Nonfiction > Jacob A. Riis > Theodore Roosevelt, the Citizen > Page 96
Jacob A. Riis (1849–1914).  Theodore Roosevelt, the Citizen.  1904.

Page 96
Hard and dangerous though his existence is, it has yet a wild attraction that strongly draws to it his bold, free spirit. He lives in the lonely land where mighty rivers twist in long reaches between the barren bluffs; where the prairies stretch out into billowy plains of waving grass, girt only by the blue horizon—plains across whose endless breadth he can steer his course for days and weeks, and see neither man to speak to nor hill to break the level; where the glory and the burning splendor of the sunsets kindle the blue vault of heaven and the level brown earth till they merge together in an ocean of flaming fire.”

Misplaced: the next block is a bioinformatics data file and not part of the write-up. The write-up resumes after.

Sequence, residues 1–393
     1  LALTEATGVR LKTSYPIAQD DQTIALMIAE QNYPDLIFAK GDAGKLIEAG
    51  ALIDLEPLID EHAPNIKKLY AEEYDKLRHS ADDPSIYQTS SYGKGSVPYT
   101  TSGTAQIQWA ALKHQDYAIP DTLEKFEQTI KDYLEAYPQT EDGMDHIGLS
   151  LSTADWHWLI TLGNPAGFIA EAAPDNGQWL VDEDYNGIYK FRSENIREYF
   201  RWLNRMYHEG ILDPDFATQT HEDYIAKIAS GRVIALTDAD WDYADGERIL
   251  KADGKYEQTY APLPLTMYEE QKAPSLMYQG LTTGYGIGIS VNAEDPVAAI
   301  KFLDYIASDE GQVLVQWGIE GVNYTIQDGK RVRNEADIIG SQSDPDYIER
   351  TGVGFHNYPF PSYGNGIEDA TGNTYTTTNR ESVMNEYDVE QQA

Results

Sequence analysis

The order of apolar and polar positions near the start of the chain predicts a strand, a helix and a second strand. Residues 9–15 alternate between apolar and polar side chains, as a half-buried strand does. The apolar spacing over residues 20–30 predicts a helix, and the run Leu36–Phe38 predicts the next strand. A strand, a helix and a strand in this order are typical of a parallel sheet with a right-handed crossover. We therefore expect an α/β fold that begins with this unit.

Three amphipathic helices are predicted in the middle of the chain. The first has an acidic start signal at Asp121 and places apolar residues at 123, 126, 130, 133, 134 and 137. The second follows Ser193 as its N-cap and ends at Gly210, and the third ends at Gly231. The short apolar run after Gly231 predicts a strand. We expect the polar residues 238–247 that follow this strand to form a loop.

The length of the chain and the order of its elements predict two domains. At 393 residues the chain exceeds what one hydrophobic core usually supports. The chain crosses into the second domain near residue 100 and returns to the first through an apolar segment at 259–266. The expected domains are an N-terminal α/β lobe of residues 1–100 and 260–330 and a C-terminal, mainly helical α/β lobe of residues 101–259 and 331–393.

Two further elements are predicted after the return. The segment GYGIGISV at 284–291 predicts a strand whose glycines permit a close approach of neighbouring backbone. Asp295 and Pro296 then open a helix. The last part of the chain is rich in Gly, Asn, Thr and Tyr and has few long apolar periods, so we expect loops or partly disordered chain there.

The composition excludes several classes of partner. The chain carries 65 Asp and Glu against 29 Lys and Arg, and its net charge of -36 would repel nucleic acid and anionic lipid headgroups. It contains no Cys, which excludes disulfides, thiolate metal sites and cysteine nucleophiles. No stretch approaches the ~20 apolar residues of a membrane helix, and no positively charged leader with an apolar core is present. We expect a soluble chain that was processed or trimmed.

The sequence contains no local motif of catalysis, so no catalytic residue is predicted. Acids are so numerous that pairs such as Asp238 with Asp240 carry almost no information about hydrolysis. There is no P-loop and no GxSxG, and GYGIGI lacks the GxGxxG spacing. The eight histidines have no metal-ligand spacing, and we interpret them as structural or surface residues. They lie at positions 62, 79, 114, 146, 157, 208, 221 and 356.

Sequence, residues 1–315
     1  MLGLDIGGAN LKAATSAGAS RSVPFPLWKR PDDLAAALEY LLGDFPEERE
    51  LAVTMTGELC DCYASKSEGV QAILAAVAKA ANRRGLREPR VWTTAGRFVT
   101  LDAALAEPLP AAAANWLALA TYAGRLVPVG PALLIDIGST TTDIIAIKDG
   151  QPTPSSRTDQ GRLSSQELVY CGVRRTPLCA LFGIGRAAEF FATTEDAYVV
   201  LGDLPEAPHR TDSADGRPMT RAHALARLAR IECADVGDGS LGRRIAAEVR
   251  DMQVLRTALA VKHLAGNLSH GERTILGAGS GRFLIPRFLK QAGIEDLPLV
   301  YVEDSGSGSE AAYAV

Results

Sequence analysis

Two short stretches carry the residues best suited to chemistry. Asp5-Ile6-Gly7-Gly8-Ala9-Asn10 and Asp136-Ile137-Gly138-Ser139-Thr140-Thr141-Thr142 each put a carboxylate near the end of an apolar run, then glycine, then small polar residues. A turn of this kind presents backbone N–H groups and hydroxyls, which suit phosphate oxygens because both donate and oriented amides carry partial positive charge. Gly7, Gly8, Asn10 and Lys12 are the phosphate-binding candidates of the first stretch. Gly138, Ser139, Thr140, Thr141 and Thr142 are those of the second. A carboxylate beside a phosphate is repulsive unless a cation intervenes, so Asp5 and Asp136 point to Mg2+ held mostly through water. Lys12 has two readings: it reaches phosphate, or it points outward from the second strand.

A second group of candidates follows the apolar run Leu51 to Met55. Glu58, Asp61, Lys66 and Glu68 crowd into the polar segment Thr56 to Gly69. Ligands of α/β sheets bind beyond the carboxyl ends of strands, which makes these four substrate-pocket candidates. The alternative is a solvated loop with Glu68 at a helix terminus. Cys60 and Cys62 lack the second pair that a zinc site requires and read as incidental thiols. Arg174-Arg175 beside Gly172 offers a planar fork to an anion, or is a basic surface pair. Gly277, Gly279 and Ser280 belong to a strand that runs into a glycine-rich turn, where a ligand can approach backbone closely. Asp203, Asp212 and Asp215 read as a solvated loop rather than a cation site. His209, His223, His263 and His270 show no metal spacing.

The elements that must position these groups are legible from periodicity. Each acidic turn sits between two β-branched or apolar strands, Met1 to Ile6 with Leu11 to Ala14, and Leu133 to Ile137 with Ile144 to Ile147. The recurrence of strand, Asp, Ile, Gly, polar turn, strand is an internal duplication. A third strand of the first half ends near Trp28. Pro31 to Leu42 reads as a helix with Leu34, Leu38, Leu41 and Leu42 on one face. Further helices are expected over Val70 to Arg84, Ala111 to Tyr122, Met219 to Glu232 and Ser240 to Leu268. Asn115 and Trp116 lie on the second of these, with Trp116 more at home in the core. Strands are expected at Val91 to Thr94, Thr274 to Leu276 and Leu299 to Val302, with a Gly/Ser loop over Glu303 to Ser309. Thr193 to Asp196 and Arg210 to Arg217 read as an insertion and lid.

Working there, resting there, growing there, in that wonderland under the spell of which these words of his were written, there came to him, unheralded, the trumpet call to another life, to duty. Over the camp-fire he read in a newspaper sent on from New York that by a convention of independent citizens he had been chosen as their standard-bearer in the fight for the mayoralty, then impending. They needed a leader. And that night he hung up the rifle, packed his trunk, and, bidding his life on the plains good-by, started for the East.



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